New artwork welcomes visitors to Brisbane Airport
Travellers entering Brisbane Airport’s International Terminal will first encounter an artwork crafted by First Nations designer Delvene Cockatoo-Collins.
Titled “Land, Sea and Sky”, the artwork is situated prominently at the entry to the terminal, serving as a testament to the rich cultural legacy of Australia’s First Peoples.
The bespoke piece binds together the ancient and modern history of the land on which Brisbane Airport is located.
Delvene is a respected artist who has an extensive collection of work including ceramics, sculptures, original artworks and her design that featured on the 2018 Gold Coast Commonwealth Games medals. Based on Quandamooka country in Minjerribah, Delvene frequently travels through Brisbane Airport and is excited to have her artwork visible at the terminal and share her message.
To immerse herself in the history of the site, Delvene explored Brisbane Airport’s 285-hectare biodiversity zone, gathering bark, leaves and grass as well as rusted remnants of the settlement of Cribb Island, which existed from 1863-1981.
“Seeing the biodiversity zone, for me the most surprising part was how much it looked like everywhere else around the bay and that it’s still part of the airport. There’s still this amazing space that looks like it would 100, 200, 300 years ago,” Delvene shared.
In April, Delvene featured as an Artist in Residence at the International Terminal which allowed people to watch the artwork being created and connect with Delvene.
“The thing that I didn’t anticipate happening while doing the Artist in Residence was to meet people and find a connection with them. For me it shows that if you dig deep enough there will be some form of understanding of each other.”
The artwork will stand as a permanent testament to the enduring legacy of Indigenous culture, inviting visitors from across the globe to experience and embrace Australia's vibrant heritage.
Brisbane Airport is located on the shores of Moreton Bay, with lagoons, swamps and estuarine creeks providing a rich source of food resources for Traditional Owners before European settlement.
Brisbane Airport Chief Executive Officer Gert-Jan de Graaff attended the unveiling of the new-look terminal entry.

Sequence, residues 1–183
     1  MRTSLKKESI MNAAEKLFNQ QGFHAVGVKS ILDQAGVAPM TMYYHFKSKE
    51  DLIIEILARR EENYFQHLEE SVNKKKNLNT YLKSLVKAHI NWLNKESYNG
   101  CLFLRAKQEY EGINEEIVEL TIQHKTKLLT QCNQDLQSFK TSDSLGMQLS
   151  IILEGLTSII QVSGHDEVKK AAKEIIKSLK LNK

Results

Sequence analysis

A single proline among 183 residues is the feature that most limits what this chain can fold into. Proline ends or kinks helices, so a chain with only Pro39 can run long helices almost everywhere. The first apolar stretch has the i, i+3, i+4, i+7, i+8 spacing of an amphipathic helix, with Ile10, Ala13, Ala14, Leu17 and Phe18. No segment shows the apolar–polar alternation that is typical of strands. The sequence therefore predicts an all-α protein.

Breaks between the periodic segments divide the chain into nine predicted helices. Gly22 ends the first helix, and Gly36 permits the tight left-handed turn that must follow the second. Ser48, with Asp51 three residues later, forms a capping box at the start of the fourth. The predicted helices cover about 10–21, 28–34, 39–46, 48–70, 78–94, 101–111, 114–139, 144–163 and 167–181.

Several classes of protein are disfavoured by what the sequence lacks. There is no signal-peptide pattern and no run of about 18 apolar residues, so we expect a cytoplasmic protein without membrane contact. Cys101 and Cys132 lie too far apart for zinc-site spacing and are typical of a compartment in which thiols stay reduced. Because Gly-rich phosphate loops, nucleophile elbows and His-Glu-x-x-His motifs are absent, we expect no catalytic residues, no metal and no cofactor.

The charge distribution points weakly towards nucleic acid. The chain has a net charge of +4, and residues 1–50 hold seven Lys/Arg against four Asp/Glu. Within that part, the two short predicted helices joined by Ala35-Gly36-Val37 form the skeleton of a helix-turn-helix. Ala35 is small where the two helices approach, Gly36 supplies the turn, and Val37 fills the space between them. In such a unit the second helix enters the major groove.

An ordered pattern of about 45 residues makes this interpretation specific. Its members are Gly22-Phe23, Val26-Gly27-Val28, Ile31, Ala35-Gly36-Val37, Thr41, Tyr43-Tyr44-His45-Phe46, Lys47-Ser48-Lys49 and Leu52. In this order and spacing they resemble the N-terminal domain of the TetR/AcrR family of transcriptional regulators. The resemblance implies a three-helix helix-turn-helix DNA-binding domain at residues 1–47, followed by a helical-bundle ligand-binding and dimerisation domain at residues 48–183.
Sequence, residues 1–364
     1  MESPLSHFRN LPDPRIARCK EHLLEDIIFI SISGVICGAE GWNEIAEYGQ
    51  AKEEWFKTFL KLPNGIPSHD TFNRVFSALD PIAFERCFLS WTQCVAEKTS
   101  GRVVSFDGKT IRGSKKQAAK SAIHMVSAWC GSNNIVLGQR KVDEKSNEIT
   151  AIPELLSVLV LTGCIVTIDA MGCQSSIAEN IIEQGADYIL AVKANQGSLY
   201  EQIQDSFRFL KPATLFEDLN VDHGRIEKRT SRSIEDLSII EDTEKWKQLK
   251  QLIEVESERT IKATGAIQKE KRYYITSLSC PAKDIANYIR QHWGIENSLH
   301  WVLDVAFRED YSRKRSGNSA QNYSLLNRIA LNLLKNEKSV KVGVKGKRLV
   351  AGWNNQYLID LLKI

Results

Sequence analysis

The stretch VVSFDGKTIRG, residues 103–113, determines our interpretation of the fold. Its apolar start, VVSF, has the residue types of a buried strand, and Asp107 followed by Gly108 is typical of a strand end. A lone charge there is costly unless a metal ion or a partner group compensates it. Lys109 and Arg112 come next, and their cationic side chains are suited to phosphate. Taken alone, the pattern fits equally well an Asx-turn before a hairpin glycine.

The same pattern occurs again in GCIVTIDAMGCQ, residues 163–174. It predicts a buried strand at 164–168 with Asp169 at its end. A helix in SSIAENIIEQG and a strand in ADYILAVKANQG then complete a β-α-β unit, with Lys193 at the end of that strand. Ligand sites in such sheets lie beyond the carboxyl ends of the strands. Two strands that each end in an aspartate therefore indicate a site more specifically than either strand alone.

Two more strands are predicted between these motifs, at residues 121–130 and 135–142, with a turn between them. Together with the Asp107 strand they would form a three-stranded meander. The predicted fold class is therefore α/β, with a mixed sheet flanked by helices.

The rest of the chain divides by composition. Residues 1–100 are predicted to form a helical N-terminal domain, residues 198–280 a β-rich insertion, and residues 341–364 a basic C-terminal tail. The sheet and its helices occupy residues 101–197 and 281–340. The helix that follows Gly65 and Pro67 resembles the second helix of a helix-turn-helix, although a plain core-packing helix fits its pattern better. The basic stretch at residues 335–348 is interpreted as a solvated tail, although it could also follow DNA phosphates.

“The land on which Brisbane Airport now stands has considerable cultural and spiritual significance to the Traditional Owners and the display of this artwork is just one way we honour this.
“More people will pass by Delvene’s artwork than any other piece of art in any gallery in Queensland. Just these school holidays, one million people will travel through our International Terminal and we are delighted to have this piece located at the entrance to our terminal, so it has the prominence it deserves.”
Land, Sea & Sky, 2023
Land, Sea and Sky shares a deeper connection with the Country where Brisbane Airport is located. Through a series of patterns, the artwork maps the land, sea and sky to speak of history, nature, connections and movement.
The top of the artwork in the base layer includes an added element of hand painted copper for the afternoon sun in the west.
Depicted in white at the lower part of the artwork, are long wavy patterns showing the rhythm and movement of the tide on the biodiversity site. Moreton Bay, including Quandamooka Country, is home to the artist, located east of the airport site.
The swirling patterns, mapped above the water on the artwork, and to the right of the river, are representative of the movement of people to and from the airport site. Like air currents, bringing people home or taking them on their next holiday. Or welcoming first-time arrivals. In the residency, the artist spent time airside and experienced standing in the flight path as a plane was coming into land - the patterns show this swift and strong air movement.
The large woven net pattern is the connections formed with one another at this site. During the residency at the International Terminal, the artwork was set up and the artist available to speak with those who were getting ready to leave the country. Connections were formed because of this welcoming space. On a separate visit in the arrivals area, the artist witnessed the reconnection of families as they emerged. It reinforced the idea of connections in this space.
Brigalow spears shown in long brown lines, formed an important object of trading between the people across the south east. The artist's people from Quandamooka Country traded shell and reed necklaces for Brigalow Spears. The Brigalow Spears in this artwork, represent the Country around the airport - particularly to the west of this site and because of those old trading pathways, highlight the relationships between the Aboriginal people across the south east.
The many layers of history, use and movement on the airport site is reflected through this work in the patterns and colours. These continue to be visible and felt - particularly when arriving or leaving this space. To take notice of those around and to see the Country, the land sea and sky which has been taken care of for thousands of years, and continues to be cared for.
For more information contact Brisbane Airport’s 24/7 media hotline: 0466 322 485